Saturday, May 29, 2010

Roberto Bolaño: Antwerp

José Teodoro reviews Roberto Bolaño's Antwerp.
Antwerp was written in 1980, when Roberto Bolaño was 27, but left unpublished until 2002, the year before the author’s death at the age of 50. Now available from New Directions in a typically intelligent translation by Natasha Wimmer, this slim volume, bound in an austere cover of gold over dark brown, resembling a motel Bible, contains 56 prose poems that collectively constitute a very loose novel. (Perhaps, as the blurb suggests, an experimental crime novel.)

It offers readers a glimpse of the artist as a young man, living in Spain, far from his Chilean home, alone, without documents. At this time he was still uncertain with regards to form, coherence and sustainability, yet conjured captivating images, sensations and atmospheres. In his later novels, such as The Skating Rink and 2666, many of those early images begin to bloom into shadow-strewn, fully developed tales.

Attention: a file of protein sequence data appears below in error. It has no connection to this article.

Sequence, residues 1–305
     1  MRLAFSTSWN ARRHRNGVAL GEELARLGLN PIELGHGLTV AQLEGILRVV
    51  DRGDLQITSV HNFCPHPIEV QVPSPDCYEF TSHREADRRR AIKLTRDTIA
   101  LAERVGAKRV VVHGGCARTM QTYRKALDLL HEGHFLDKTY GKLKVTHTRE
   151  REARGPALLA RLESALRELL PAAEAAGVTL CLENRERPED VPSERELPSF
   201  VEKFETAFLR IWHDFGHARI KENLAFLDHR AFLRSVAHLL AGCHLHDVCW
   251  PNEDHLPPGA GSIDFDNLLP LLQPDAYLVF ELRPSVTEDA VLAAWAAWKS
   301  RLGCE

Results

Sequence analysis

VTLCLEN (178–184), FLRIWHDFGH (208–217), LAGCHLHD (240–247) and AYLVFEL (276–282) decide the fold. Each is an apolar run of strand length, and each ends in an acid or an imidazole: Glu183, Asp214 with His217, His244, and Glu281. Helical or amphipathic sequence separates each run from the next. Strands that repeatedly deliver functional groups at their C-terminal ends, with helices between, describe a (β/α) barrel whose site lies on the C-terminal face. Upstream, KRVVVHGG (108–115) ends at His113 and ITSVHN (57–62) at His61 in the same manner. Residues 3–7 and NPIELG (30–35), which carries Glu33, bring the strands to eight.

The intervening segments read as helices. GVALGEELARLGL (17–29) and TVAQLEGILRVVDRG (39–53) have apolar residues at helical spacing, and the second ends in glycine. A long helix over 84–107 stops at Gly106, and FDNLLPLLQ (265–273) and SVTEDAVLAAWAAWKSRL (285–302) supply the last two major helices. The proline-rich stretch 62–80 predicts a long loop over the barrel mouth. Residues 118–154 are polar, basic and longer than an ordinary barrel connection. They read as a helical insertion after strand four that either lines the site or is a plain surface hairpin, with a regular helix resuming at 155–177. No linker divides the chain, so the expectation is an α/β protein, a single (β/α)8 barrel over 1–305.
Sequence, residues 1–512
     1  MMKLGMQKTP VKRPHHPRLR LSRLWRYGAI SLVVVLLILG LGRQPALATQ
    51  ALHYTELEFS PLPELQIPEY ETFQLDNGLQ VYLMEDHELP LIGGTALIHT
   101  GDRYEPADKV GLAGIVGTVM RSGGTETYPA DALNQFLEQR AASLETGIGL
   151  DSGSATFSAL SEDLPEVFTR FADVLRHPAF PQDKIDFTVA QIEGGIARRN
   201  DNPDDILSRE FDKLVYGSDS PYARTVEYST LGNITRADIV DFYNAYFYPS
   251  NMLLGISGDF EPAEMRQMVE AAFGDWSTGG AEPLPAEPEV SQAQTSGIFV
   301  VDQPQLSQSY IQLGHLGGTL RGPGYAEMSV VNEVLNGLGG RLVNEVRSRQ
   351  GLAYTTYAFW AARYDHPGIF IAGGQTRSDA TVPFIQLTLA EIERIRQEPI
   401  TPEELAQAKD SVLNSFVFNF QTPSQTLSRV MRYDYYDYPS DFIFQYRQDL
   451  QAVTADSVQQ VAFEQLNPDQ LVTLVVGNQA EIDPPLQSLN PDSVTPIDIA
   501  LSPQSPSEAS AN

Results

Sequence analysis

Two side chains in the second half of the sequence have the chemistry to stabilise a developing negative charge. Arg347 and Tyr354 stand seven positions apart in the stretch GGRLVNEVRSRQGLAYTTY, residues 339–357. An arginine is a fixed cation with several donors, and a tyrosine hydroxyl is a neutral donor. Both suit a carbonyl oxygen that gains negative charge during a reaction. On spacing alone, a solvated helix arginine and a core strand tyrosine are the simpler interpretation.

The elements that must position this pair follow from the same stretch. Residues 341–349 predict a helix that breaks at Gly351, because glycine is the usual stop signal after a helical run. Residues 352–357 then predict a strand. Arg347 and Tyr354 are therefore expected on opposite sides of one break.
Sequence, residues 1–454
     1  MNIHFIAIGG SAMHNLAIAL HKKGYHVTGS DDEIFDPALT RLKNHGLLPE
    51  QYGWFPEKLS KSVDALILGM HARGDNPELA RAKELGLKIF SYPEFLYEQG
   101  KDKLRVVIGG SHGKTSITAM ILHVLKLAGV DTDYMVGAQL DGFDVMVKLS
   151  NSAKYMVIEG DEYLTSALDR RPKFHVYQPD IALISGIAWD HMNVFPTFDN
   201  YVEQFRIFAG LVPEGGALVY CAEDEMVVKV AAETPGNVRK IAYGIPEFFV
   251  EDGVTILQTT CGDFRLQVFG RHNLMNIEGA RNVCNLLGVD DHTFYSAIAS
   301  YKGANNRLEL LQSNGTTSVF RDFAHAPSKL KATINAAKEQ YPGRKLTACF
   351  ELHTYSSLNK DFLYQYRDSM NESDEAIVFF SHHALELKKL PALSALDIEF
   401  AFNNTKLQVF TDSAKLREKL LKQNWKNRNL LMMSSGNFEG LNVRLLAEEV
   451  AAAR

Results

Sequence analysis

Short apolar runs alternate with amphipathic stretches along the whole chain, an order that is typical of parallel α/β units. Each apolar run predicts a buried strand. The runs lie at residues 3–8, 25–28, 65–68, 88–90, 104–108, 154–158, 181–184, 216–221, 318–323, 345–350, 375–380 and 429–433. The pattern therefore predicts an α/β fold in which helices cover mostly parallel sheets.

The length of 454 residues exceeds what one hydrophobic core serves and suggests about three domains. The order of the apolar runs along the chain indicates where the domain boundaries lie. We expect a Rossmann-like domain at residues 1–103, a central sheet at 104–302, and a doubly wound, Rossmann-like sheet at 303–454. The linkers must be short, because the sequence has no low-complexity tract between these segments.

Click to read the full article

Related Posts:
Roberto Bolaño: El Tercer Reich
Roberto Bolaño: By Night in Chile
Roberto Bolaño: The Last Interview & Other Conversations
Roberto Bolaño: Monsieur Pain
Roberto Bolaño: Nazi Literature in the Americas
Roberto Bolaño: 2666
Roberto Bolaño: The Savage Detectives

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